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    Fulton County, Georgia’s largest, certified its election results on Tuesday. The county said 424,991 Fulton residents voted in the mid-term, the largest midterm participation this century. That equaled a turnout of 60.4 percent of the voting-age population.  The numbers were led by early voting, which totaled 224,998, said Rick Barron, the county’s director of elections and registration. That eclipsed voting the day of the Nov. 6 election, which totaled 180,086 people.  A total of 17,913 people voted absentee by mail.  “The early voting this time was close to a presidential (contest), Barron said. The news comes just a day after U.S. District Judge Amy Totenberg  on Monday ordered the state to review provisional ballots to make sure none are improperly rejected and to delay certification of the midterm until Friday.  Fulton received 3,549 provisional ballots, 1,555 of which were rejected, Barron said. A total of 972 of the rejected votes were tossed because they were from “out of county” voters while 581 were from people who were not registered.  Two people who attempted to vote could not prove citizenship.  “We can’t count ballots that are voted out of county,” Barron said.  He said some voter registration drives on college campuses failed to turn in applications, leaving some would-be voters unregistered.  Barron said he did not think any of the judge’s ruling would affect Fulton’s count, but said he did not think this is the last he would hear about it.  “I’m sure because of that ruling we’ll get questions this week,” he said. 
  • Mayor Keisha Lance Bottoms has signed an executive order rejecting any future ICE detainees from being held in the Atlanta City Jail. She is explaining her actions in a news conference at City Hall.  WATCH LIVE COVERAGE BELOW.
  • A proposed deal for practice soccer fields and a corporate headquarters for Atlanta United FC would cost DeKalb County an estimated $12 million, 41 acres of government land and tax considerations, according to a pending agreement. The $30 million soccer complex would be built near the intersection of Interstate 285 and Memorial Drive, behind the DeKalb Jail. In exchange, the team owned by Arthur Blank would build a 3,500-seat stadium, three outdoor practice fields and a corporate headquarters. Additional fields and an indoor training facility could be built later. Ownership of the land and facilities would revert to the county after 30 years. The proposed agreement, obtained by The Atlanta Journal-Constitution on Wednesday, is scheduled for a vote of the DeKalb Commission on Tuesday. The $12 million contribution from the county includes an estimated $7 million paid to Blank so the county could locate its parks department in new offices in the stadium. Another estimated $5 million would be required for demolition and land preparation. In addition, Blank won’t have to pay property taxes, and all permitting fees for the soccer complex would be waived. The county would pursue funding for a pedestrian walkway from the complex to the Kensington MARTA station. Blank would pay the county 15 percent of revenue for naming rights and branded events held at the complex. The fields and the stadium could be used by the county when they’re not needed by Atlanta United, which will begin its first season in 2017. Atlanta United will share space with the Atlanta Falcons for its games in a new downtown stadium, which is under construction.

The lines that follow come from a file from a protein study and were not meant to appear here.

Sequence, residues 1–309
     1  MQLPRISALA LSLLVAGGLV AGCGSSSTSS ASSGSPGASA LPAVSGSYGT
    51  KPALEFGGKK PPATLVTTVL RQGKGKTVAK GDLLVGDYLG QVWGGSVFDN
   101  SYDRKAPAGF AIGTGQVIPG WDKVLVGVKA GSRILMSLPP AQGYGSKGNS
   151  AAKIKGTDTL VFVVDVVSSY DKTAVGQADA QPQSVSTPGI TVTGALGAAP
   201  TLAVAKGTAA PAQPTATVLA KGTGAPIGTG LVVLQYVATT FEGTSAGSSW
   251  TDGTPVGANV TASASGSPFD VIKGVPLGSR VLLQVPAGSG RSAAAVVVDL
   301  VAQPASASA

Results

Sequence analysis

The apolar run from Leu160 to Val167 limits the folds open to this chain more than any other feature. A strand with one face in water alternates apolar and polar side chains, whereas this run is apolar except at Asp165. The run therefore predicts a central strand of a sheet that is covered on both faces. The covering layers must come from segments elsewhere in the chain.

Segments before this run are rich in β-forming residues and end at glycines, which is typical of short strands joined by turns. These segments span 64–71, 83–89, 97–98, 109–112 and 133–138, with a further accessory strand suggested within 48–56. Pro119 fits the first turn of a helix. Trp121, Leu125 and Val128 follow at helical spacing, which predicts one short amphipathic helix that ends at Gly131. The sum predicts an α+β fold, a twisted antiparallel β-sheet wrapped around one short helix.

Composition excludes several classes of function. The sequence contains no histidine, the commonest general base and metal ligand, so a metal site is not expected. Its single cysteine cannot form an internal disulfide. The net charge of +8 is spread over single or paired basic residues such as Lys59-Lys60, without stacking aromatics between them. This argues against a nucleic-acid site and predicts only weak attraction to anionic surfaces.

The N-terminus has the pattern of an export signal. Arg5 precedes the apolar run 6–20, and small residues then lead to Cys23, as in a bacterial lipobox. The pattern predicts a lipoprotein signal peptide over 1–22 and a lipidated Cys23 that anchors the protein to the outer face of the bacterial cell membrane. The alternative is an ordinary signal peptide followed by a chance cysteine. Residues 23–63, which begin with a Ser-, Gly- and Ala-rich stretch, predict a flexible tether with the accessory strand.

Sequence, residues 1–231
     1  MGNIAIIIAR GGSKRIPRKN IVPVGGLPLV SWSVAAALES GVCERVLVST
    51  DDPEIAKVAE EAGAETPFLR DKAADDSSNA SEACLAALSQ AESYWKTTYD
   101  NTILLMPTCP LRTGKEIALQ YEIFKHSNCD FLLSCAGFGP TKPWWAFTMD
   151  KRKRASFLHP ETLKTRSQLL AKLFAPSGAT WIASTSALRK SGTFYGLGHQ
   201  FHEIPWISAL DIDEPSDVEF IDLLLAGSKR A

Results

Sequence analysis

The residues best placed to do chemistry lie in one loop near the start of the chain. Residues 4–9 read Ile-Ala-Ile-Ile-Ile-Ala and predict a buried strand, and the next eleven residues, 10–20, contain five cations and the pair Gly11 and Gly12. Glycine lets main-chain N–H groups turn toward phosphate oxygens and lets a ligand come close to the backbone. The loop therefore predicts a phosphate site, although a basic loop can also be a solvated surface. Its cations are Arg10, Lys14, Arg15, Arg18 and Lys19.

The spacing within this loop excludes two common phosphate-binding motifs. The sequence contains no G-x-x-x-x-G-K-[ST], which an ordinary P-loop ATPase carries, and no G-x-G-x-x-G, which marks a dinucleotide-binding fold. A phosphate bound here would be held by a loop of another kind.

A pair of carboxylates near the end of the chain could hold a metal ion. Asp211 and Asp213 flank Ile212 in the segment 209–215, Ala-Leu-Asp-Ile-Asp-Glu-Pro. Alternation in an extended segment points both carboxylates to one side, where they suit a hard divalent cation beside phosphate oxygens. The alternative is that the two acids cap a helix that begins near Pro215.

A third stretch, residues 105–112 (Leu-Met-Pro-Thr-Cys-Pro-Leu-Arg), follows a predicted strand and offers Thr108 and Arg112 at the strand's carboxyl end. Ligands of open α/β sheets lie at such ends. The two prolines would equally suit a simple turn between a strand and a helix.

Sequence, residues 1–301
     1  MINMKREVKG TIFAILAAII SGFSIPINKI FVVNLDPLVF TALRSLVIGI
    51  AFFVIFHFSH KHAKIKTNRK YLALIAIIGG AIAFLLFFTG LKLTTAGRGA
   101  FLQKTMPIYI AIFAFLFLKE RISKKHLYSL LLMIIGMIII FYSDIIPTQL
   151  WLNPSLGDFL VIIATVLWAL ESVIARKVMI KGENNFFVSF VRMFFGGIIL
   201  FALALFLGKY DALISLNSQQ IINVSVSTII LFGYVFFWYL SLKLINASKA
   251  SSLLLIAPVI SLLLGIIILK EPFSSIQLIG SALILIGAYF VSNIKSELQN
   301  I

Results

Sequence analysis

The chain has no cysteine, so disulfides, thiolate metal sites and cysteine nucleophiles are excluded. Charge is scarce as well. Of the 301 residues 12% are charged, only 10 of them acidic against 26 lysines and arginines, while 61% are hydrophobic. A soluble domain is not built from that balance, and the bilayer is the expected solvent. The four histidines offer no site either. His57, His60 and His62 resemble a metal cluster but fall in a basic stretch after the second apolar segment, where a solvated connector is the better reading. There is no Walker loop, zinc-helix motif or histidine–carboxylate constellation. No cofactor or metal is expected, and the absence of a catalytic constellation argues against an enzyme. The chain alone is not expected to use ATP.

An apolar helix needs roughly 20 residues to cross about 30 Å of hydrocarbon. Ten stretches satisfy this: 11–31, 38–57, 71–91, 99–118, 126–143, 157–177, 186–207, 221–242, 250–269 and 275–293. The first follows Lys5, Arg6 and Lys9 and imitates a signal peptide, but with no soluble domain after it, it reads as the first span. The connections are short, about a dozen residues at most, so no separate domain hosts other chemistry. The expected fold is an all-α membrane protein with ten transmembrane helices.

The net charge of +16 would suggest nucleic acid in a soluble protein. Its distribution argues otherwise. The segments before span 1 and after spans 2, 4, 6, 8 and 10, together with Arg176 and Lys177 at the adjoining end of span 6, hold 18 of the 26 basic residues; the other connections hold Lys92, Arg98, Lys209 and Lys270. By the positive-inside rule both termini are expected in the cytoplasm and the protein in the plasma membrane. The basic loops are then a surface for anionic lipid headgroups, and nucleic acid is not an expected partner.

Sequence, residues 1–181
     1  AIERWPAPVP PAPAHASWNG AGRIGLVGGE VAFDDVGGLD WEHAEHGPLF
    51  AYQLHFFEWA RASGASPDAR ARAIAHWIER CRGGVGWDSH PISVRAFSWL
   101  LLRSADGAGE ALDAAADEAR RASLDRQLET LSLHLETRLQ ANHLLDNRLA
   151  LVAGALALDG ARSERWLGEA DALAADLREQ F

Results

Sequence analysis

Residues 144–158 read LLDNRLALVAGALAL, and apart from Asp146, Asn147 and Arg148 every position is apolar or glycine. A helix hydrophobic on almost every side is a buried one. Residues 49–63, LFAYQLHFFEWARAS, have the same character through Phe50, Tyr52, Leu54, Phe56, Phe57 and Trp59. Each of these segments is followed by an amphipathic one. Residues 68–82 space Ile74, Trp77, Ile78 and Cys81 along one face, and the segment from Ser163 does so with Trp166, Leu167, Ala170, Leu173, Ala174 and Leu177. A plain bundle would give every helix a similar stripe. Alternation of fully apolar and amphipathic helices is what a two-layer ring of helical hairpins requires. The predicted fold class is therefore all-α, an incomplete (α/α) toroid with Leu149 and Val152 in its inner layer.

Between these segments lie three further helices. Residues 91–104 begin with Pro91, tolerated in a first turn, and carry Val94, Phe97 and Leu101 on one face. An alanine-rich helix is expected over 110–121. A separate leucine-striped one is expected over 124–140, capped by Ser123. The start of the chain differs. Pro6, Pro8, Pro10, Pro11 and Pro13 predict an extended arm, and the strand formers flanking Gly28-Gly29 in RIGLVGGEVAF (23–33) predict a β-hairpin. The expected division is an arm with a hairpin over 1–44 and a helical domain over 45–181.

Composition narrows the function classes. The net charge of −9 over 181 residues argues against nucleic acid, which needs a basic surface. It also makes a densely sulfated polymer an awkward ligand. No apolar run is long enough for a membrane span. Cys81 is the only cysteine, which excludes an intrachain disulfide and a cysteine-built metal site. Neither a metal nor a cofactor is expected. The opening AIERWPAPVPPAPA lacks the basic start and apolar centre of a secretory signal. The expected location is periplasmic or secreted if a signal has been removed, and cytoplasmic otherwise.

• Atlanta Mayor Kasim Reed is calling for “restraint” in ongoing unrest in Baltimore and defended Mayor Stephanie Rawlings-Blake’s handling of protests that quickly turned violent this week.Parts of the city erupted in chaos Monday night amid tensions over the death of Freddie Gray, a 25-year-old African-American man who died on April 19, a week after he sustained injuries during an arrest. An investigation into his death is ongoing. His death highlights an ongoing national discussion about policing tactics in minority communities.Rawlings-Blake has since faced criticism for her handling of the protests and ensuing riots, with some saying she was too slow to ask Maryland Gov. Larry Hogan for military back-up on Monday.Reed, speaking to reporters after an event on Tuesday, expressed sympathy for Gray’s family and defended Rawlings-Blake.Reed said he knows the Baltimore mayor well, describing her as “competent, capable and passionate” individual. The two, who traveled to Panama together with Vice President Joe Biden in recent years, exchanged text messages Monday evening, he said.“I think that everybody in the country and everybody who cares about the people of Baltimore should encourage restraint and I think that we should leave it to local leaders to manage and handle,” he said, later adding: “I think they need to be given the time and space to work through what is clearly a very, very difficult time.”Reed said Atlanta has faced its own set of difficult civil protests, such as the Occupy Atlanta movement in Woodruff Park that lasted for several weeks in 2011.But none in recent years have resulted in the scenes that played out in Baltimore on Monday, when some of the protests turned violent. Several police officers were injured during the riots. Cars were burned and stores were looted.Reed said that unlike other cities, Atlanta has long benefited from the work of local civil rights icons including Congressman John Lewis, Ambassador Andrew Young, the Rev. Joseph Lowery and C.T. Vivian.“I think that certainly influences the way that protests are handled in our city,” he said. “While I don’t deserve the credit for it, I think our city has shown an ability to navigate through pretty difficult times.”